Violence is an apparent theme in Romeo and Juliet that is established and familiar to a modern society. Romeo and Juliet exhibits this theme of violence severely. Two feuding families, the Montague’s and the Capulets, fill the streets of Verona with violent brawls and recklessness. Unsought murders occur by the hands of both Montague’s and Capulets, causing pain and destruction within Verona walls. "Two households, both alike in dignity/ From ancient grudge, break to new mutiny/Where civil blood makes civil hands unclean." (Romeo and Juliet, Prologue, line 1-4). This violence is evident in modern day society. In September 2006, the death of a 15 year old boy, Matthew Stanley rocked the community. His death, caused by a violent, drunken brawl outside a Alex Hills party left two families and hundreds of others torn apart. "It's the most horrifying thing you could ever imagine happening to you: the senselessness, the feeling of loss, of just total nothingness" said Paul Stanley, the father of Matthew in a recent interview. Matthews destructive death was caused by impetuous behaviour – a teenager acting before they thought. The death of Mercutio and Tybalt in Romeo and Juliet are obviously apparent in modern society still to this day, with over 3500 violent incidents involving teenagers occurring in Queensland in 2006. Like violence, the theme of forbidden love is strongly present to modern audiences.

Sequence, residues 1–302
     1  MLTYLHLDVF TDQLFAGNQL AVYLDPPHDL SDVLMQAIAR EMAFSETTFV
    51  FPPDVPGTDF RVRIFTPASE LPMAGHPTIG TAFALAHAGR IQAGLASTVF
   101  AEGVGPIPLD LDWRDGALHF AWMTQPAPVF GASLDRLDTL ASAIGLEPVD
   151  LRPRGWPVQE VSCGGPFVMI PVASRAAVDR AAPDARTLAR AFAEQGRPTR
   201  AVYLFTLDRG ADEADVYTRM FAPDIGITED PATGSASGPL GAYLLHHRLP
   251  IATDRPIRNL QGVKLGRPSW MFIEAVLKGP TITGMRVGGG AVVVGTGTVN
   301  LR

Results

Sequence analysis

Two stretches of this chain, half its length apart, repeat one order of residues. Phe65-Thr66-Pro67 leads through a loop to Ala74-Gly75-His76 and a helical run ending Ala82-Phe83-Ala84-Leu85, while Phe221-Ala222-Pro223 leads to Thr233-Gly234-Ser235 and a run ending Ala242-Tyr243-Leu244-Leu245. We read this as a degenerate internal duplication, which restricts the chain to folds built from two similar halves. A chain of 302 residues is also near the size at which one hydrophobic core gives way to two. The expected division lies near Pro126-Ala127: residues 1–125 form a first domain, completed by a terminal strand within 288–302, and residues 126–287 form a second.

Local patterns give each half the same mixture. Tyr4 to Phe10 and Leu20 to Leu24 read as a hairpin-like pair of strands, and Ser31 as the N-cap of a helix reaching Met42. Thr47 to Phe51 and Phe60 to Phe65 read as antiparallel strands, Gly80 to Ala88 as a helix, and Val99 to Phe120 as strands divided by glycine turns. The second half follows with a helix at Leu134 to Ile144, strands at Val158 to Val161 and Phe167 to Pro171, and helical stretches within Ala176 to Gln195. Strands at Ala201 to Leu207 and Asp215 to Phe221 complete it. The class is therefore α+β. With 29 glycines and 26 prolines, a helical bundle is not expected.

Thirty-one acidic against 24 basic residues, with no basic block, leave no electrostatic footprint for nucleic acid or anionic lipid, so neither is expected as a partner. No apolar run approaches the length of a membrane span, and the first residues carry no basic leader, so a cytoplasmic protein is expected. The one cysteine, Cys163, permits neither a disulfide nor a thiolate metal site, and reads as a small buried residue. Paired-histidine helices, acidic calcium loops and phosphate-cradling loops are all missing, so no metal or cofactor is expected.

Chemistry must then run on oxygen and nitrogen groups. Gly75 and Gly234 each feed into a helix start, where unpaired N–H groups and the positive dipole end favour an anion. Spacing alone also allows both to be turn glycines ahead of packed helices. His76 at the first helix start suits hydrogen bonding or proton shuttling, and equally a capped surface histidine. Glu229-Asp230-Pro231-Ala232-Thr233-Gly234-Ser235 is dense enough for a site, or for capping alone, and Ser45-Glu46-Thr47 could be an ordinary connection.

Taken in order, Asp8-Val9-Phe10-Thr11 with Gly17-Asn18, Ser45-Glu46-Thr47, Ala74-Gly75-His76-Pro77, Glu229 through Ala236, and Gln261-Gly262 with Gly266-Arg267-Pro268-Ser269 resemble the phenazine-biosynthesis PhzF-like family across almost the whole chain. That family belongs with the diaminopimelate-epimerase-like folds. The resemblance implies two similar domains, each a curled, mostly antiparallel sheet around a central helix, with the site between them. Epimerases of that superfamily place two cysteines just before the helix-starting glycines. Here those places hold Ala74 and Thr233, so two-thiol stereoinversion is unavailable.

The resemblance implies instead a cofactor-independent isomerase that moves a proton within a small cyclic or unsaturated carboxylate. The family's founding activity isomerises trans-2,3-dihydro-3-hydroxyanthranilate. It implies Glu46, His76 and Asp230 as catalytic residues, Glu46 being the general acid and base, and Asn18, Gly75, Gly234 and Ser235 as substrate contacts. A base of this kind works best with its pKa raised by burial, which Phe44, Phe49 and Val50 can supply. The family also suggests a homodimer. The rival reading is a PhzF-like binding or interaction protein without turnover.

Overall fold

Forbidden love is a theme still recognisable in modern society. In Romeo and Juliet, the theme of forbidden love is clear. Romeo and Juliet, who are two youths from feuding families, are forbidden to love each other openly. Society pressured these two lovers to keep their true feelings and emotions hidden. Romeo and Juliet believed that their love was stronger than any family rivalry. They believed that they should never be kept apart, no matter what name they bared. Juliet: “What’s in a name? That which we call a rose/ By any other name...